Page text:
I. The rural church is not a body that changes quickly. This is a good and right thing. The church should be slow to change: it should take its time to discern, with the patience of the ages, between what changes are of God and which are merely transient, passing fads. Part of the strength of the rural church is its ‘everlasting’ quality, its ability to hold onto the anchor of ancient truth and tradition amid the ebbs and flows of its surrounding culture. Jesus Christ is the same yesterday, today, and forever.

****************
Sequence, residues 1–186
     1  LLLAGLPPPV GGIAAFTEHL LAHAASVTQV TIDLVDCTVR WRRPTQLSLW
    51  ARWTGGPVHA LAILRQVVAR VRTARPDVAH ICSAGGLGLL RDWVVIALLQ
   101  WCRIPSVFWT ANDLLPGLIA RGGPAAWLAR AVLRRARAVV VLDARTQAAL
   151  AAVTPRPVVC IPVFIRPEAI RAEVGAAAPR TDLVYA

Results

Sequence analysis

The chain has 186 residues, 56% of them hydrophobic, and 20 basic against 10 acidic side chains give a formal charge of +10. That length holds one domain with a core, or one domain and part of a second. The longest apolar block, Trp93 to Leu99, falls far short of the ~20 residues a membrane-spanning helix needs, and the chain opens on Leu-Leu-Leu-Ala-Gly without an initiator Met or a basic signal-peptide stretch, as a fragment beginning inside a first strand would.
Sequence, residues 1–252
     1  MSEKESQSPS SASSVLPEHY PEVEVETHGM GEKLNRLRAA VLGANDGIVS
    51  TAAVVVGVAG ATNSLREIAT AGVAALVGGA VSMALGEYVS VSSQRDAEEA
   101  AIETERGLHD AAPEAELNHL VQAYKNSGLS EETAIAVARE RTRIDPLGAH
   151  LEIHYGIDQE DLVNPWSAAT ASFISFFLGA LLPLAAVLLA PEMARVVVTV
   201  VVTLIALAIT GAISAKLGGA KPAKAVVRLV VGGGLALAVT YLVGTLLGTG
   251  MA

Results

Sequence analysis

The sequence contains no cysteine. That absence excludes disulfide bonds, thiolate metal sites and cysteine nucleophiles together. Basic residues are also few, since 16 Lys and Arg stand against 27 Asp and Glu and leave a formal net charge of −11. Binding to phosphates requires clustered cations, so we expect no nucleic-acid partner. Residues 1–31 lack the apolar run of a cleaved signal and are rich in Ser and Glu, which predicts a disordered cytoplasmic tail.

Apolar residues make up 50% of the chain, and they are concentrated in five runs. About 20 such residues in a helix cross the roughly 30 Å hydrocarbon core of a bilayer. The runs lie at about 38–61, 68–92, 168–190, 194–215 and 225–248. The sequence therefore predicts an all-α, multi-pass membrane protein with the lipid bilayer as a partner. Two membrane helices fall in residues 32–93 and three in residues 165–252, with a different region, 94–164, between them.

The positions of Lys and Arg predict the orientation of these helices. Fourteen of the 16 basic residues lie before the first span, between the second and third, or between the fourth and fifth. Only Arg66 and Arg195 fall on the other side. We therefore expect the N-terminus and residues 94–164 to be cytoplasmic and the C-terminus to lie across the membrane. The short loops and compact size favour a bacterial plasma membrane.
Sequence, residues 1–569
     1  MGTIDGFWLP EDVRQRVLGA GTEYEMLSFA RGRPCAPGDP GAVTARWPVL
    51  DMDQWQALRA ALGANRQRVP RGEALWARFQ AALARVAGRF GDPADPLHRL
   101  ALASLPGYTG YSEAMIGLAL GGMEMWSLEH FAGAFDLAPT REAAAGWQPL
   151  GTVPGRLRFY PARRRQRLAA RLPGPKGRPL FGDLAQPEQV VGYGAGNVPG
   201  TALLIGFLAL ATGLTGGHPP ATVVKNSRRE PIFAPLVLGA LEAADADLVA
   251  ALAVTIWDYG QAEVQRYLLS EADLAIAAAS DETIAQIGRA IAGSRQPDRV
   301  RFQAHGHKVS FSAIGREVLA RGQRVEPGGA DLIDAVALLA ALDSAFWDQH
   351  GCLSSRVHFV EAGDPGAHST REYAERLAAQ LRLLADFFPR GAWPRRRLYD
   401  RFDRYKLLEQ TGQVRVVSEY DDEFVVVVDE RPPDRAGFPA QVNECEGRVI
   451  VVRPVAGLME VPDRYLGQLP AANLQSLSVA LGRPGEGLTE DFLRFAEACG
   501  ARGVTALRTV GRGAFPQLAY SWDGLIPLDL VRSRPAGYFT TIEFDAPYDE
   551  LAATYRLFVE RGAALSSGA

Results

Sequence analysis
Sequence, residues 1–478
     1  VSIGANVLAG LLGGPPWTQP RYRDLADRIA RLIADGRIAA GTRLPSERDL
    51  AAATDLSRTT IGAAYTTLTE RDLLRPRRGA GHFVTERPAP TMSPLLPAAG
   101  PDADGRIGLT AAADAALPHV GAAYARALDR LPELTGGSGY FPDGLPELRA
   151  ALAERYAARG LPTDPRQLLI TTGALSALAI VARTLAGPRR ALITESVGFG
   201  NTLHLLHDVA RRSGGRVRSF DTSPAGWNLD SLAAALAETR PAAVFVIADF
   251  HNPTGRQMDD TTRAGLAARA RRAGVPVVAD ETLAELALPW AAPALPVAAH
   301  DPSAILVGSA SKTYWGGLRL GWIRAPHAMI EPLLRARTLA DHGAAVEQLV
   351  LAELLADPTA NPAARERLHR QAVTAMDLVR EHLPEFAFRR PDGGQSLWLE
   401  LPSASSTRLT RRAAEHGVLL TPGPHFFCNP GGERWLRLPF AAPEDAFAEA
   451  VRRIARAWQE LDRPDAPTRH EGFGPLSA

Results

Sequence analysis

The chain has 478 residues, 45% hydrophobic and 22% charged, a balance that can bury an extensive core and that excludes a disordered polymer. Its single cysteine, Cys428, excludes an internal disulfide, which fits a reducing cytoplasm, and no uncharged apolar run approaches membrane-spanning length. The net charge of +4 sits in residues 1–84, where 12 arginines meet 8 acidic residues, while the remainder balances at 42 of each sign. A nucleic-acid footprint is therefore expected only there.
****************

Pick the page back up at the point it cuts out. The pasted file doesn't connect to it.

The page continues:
(The following piece was submitted by Rev. Duncan Martin, pastor at Antioch-Oak Grove UMC in King, NC. Duncan is a former Rural Ministry Fellow at Duke Divinity School.)
Earlier this week I led a United Methodist District Lay Leadership workshop on Small and Rural Church Ministries. To begin the session, I asked each person to introduce themselves and then tell me about something that their church struggled with, something that they hoped to learn about or take away from our time together.
Twenty-five times, this is what I heard: